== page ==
Private Michael Henry

Private Michael Henry
6th Battalion, King's Own Scottish Borderers. No. 202346.
Formerly 18th Battalion, Highland Light Infantry. No. 202864.

Private Michael Henry.
Photo courtesy Burnley Express.

Early Life:
Michael Henry was born in Keighley in 1900 to James Henry, a labourer aged 24 and Rose Anne Henry (nee Narey) a mill-hand aged 26, both of Keighley. James and Rose’s ages have been estimated and change several times according to official records. This suggests they may have been quite illiterate and unsure of their own date of birth, not uncommon for the time.
We have not been able to find a census record including Michael Henry. His parents were living at 86 Westgate in Keighley, a slum area of North Beck. They had four “boarders” living with them at the time, of varying ages and occupations. But surprisingly Michael was not included and he would have been one year old at the time, but he could have been at a relative's house.
Michael’s mother Rose was arrested for being drunk in Keighley on the 15th April 1901, a fortnight after the census was taken. She was imprisoned at HMP Wakefield for 1 month. This may have been one of the factors that caused his parents to separate, as by the time the 1911 census occurred James was living alone at 4 North Beck in Keighley. Later records show that Rose had moved to Burnley and remarried.

Scouting Contribution:
The information we have for Michael is very vague, however we are confident he was too young to serve as a soldier in WW1. Poignantly, news reports after his death reveal that as a youth, he was the drummer in the St Anne’s Boy Scouts, as well as a member for St Anne’s football team. He went on to become a doffer at Dugdale’s Mill in Burnley before enlisting.

The Keighley News report detailing Michael's death stated he was living in Turkey Street in Keighley upon his departure to France. This street and the surrounding area was once described by a Keighley Inspector of Nuisances as a “filthy and nauseous places”, with pig styes and manure heaps prevalent. This area has since been demolished and is now where Guardhouse stands. It is easy to appreciate that Michael’s early life living in filth, poverty and a broken home may have driven him to yearn for adventure, camaraderie and regular meals as a soldier in a far away country.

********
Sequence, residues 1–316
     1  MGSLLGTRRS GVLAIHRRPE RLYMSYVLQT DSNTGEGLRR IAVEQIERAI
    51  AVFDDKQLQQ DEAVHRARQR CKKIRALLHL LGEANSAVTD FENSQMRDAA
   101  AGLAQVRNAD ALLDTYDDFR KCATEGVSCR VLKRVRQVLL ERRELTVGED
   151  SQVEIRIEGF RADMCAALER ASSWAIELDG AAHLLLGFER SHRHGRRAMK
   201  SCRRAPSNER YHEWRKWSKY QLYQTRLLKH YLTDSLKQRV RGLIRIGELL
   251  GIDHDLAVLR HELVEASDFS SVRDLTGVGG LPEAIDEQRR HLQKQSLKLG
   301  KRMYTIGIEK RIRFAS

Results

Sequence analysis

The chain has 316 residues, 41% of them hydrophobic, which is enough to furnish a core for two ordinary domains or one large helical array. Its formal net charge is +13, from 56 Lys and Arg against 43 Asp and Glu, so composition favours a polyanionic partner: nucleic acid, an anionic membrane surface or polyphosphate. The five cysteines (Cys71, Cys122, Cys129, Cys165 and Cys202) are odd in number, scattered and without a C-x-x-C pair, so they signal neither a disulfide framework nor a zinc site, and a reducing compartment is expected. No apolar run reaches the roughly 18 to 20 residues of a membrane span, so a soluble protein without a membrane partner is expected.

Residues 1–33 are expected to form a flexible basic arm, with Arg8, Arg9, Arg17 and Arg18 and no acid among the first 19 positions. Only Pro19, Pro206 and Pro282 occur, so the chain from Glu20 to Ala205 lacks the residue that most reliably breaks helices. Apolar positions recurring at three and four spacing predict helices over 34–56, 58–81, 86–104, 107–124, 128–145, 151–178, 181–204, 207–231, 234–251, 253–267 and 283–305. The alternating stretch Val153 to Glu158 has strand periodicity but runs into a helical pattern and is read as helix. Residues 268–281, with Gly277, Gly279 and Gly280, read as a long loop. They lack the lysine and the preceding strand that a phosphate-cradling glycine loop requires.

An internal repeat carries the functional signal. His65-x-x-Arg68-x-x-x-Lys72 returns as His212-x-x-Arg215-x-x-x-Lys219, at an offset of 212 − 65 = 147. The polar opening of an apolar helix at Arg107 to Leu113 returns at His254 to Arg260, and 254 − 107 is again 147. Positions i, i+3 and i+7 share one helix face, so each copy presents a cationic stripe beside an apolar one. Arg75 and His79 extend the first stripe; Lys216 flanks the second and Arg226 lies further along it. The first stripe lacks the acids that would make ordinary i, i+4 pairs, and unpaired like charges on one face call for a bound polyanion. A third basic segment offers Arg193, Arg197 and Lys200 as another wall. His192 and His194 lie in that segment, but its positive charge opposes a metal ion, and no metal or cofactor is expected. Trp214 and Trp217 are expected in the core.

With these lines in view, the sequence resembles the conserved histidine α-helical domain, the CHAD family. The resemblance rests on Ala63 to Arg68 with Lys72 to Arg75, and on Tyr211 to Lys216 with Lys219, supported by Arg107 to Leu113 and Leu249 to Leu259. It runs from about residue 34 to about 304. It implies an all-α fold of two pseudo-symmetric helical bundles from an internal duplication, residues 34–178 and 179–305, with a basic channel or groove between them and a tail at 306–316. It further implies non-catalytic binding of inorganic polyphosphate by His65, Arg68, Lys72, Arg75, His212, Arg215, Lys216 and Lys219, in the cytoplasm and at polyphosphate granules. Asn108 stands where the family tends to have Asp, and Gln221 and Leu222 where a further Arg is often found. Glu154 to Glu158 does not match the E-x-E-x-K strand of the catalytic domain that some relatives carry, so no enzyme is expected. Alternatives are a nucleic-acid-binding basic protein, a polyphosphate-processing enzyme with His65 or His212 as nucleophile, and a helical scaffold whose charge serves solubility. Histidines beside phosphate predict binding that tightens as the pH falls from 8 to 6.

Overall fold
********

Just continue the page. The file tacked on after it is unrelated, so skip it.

By the time Michael arrived on the frontlines on 28th June 1918, his father James had already been fighting in France for two years and had been wounded, recovering in a war hospital at the time. Michael had been serving with the Highland Light Infantry and was transferred to the King's Own Scottish Borderers before entering the front line. He had been there for only a month when he was killed in action at the age of 18. Unfortunately there is very little information in the Battalion war diary. According to the Commonwealth War Graves Commission, four people from the Battalion were killed on that day.

Michael's body was buried at La Kreule Military Cemetery in Hazebrouck, France. His records show he is buried in Plot III, Row B, Grave 8.

Keighley News dated September 14th 1918, Page 3:
Private Michael Henry, Highland Light Infantry, and of 23, Turkey Street, Keighley, has been killed in action.
Private Henry, who was 18 years of age, joined the army at the age of 15, and had only been in France about a month.
He was formerly the drummer in the Keighley St. Annes Scouts, and a member of the St Annes Football Club.
His father, Private James Henry, has been in France about two years.

Michael Henry mentioned in a Burnley Newspaper in 1918

Burnley Express newspaper, October 1918:
Official news has been received that Pte. Michael Henry, 202346, King's Own Scottish Borderers, was killed in action on July 30th.
His mother resides at 41, Villiers Street, Burnley, and his father is in hospital in France, having been hurt two months ago whilst serving with a Labour Battalion.
The deceased soldier was only 18 1/2 years old. He joined the Army 3, 1/2 years ago when he was 15: but he only went to the front on July 28th last. He was formerly employed as a doffer at Dugdale's Mill, and is on the roll of honour at St. Mary Magdalene's Church.
There are two of deceased's uncles serving, and one has been discharged through wounds.

Michael's father James survived the war and passed away in 1927.
His mother Rose Ann Henry married John Isles in 1929 and in the 1939 register they were both retired and living at 93, Devonshire Street in Keighley. Rose died in 1955 aged about 79 years.

Local commmemoration:
Michael's name appears on the St Anne's war memorial on North Street in Keighley.
He is also named in the Keighley roll of honour book held at Keighley Library.

England & Wales, Civil Registration Birth Index, 1837-1915
1901 Census
1911 Census
British Army Service Records
British Army Medal Index Card and Medal Rolls
Soldiers Effects Records
The Commonwealth War Graves Commission Records
West Yorkshire Electoral Rolls
England and Wales Death Records
Burnley Roll of Honour
Burnley Express newspaper
The Keighley News archives at Keighley Library

No Comments Yet.

Leave a comment

Please verfiy you are not a computer program by answering the following question to submit your comment *